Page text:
Comments about ‘In our opinion: Changing the habits of the heart’

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Published: Sunday, Jan. 13 2013 12:00 a.m. MST

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Kalindra
Salt Lake City, Utah

"The solution, then, isn't censorship or boycotts. The answer lies in seeking out that which is lovely and praiseworthy. There is much that is positive out there, and it deserves our full support. And if there aren't enough such messages in the marketplace, people of good will have a responsibility to produce them in order to provide as many alternatives to the moral pollution that too many in Hollywood see fit to inflict on us."

How much time and space has the DesNews spent focusing on Tarantino and his films in the past three weeks? Your constant obsession does nothing to improve the situation. If you want the focus on other things, perhaps you should focus on other things.

Be the change you want to see.

George
Bronx, NY

So how many more days can we expect the DN to milk this subject for the purposes of selling more ad space and papers? Your convenient outrage on this subjects smells of the same greed you accuse hollywood of.

Hutterite
American Fork, UT

DN seems to have jumped from the porn to the violence bandwagon, in an attempt I suppose to get in front of the emotions caused by events such as the Newtown shooting. Unfortunately, the violence they're decrying has existed in movies, television and video games for a long time now, somehow under everyone's nose. In fact, it exists because we consume it. It's a symptom as much as a cause. I don't know what the solution is, but I do know it's a lot more available and acceptable than porn, and I avoid it as I can.

Tyler D
Meridian, ID

I am far from a prude and typically do not suffer preaching from the "pious" but DN is spot on in this case. Tarantino's movies are cartoonish, sadistic and feel like something made by a (talented, yes) violence obsessed adolescent. Should we censor them, no... but lets develop a backbone and the moral courage to call something what it is.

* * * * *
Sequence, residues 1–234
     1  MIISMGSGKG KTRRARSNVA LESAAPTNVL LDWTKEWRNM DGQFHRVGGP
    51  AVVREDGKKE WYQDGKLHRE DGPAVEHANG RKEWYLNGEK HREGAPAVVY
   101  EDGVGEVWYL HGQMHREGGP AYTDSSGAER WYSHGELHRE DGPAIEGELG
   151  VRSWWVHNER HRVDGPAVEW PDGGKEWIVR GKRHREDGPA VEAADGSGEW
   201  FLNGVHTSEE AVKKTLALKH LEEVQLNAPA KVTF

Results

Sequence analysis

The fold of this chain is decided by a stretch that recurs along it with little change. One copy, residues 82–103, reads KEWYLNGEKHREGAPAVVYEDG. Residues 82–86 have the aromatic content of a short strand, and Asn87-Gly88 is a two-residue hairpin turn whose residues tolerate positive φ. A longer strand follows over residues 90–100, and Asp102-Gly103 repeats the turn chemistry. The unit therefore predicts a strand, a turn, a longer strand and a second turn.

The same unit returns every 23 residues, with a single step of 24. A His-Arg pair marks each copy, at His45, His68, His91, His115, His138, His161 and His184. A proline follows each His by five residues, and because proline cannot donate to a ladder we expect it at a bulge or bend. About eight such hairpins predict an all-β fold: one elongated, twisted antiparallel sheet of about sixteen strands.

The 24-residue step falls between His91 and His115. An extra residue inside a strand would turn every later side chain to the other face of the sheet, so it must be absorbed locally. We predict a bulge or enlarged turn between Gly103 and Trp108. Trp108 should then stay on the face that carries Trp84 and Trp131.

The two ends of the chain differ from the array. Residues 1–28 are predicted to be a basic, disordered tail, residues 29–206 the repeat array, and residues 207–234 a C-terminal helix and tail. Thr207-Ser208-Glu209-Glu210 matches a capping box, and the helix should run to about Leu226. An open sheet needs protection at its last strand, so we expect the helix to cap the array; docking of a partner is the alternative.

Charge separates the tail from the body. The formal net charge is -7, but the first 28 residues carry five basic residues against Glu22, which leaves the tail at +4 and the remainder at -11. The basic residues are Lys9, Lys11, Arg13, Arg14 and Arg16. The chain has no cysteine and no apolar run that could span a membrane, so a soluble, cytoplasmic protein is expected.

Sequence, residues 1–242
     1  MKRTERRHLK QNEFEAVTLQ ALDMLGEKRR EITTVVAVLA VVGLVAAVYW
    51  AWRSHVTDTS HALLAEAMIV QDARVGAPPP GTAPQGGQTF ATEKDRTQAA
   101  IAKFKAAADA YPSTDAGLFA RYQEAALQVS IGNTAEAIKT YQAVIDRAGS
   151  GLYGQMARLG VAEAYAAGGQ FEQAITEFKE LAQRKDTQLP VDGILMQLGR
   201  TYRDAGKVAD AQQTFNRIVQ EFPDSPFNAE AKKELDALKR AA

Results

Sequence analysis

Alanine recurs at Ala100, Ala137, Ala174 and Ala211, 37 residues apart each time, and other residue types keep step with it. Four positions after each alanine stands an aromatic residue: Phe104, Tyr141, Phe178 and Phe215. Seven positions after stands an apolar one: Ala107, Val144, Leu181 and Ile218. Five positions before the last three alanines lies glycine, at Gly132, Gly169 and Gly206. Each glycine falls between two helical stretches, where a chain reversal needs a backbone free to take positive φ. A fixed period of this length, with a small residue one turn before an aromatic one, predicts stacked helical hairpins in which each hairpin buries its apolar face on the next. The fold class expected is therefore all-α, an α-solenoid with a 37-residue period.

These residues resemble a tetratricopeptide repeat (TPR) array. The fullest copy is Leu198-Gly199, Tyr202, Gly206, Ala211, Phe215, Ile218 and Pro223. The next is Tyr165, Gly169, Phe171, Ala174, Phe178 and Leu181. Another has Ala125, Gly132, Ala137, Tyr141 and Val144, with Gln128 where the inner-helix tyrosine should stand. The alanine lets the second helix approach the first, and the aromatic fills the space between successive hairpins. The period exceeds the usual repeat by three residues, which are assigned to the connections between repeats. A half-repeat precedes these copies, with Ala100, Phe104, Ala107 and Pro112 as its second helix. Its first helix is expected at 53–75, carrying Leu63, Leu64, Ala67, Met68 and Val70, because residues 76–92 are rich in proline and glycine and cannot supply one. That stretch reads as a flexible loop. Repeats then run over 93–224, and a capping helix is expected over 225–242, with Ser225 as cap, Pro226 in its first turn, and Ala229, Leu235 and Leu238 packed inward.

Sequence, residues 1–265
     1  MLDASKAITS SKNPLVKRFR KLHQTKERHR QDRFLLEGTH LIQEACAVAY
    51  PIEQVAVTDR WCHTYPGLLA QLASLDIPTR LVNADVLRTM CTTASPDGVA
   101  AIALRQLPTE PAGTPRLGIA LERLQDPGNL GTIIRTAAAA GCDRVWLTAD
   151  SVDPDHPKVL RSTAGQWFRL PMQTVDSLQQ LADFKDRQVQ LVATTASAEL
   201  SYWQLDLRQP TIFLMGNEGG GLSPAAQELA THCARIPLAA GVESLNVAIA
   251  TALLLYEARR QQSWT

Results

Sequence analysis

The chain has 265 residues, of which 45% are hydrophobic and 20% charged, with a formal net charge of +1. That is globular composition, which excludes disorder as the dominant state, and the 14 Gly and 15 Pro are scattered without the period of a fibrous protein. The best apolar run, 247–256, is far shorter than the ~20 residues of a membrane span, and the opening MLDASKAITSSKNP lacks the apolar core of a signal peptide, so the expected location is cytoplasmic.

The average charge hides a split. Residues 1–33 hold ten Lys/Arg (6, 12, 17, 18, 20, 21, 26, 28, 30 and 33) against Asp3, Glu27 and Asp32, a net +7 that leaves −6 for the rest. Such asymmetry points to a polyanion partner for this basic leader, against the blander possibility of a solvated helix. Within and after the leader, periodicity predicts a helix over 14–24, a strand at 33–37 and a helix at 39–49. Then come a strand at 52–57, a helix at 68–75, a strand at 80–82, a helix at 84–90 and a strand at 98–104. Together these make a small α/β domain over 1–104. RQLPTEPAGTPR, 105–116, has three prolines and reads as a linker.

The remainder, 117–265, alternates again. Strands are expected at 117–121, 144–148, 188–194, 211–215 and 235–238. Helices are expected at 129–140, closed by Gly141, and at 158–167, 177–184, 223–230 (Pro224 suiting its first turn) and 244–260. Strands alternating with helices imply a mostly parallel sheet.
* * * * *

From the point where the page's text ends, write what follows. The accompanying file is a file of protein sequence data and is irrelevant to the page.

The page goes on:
Mike in Cedar City
Cedar City, Utah

This editorial is nothing more than a DN attempt to shift public public attention away from the assault weapons issue. Really, DN, about the only way that Django could kill someone is if the projector were dropped on someone's head. When are you going to do an editorial on the problem of high capacity semi automatic assault weapons?

Mike Richards
South Jordan, Utah

Isn't it interesting to see how many condone movie violence by condemning the Deseret News for speaking out against that form of violence?

It's clear that the Deseret News stands for something; that the Deseret News is not content to wring its hands and moan about violence in America; that the Deseret News is willing to point to one GREAT avenue where violence is celebrated.

It's also clear that there are those who always speak against anyone or anything that tells them that they need to rethink their attitudes and to reevaluate their sympathies.

Congratulations to the Deseret News for standing against violence and for printing something against the very foundation of violence.

It's too bad that so many demand to be free to choose their form of violence even as they complain that the Deseret News has revealed their "guilty pleasures".

Kalindra
Salt Lake City, Utah

@ Mike: Actually, the DesNews has done nothing but wring its proverbial hands for the past few weeks. If they want people to focus on something other than violence, they should spend less time focusing on violence. They are just as guilty as profiting off the violence as Hollywood.

Free Agency
Salt Lake City, UT

At the risk of overgeneralizing, I'd say there are three groups in our society: those who genuinely find violence-for-violence's-sake in the arts "entertaining" (my own brother, for example). Those who genuinely abhor this (my hand is raised high).

And the third group, which I believe is the biggest: those who don't want to be left out of what "everyone's" saying is a must-see. Not only does this group make sure not to be left out, but they then agree (since the critics do) that, e.g., Tarantino's films are wonderful.

Yes, we who abhor them must clearly and continually say why we feel that way, and never be browbeaten into feeling we "don't have what it takes to appreciate the arts." Maybe then, some--even many?--in the third group will feel free to say that they actually feel the same way (the "Emperor's New Clothes" syndrome).

And yes, we must also put our hands and hearts, as much as we're capable, to creating alternatives to the callousness toward, and even celebration of, our fellow humans' pain.

BTW, I'm a non-Mormon gay liberal. Surprised?

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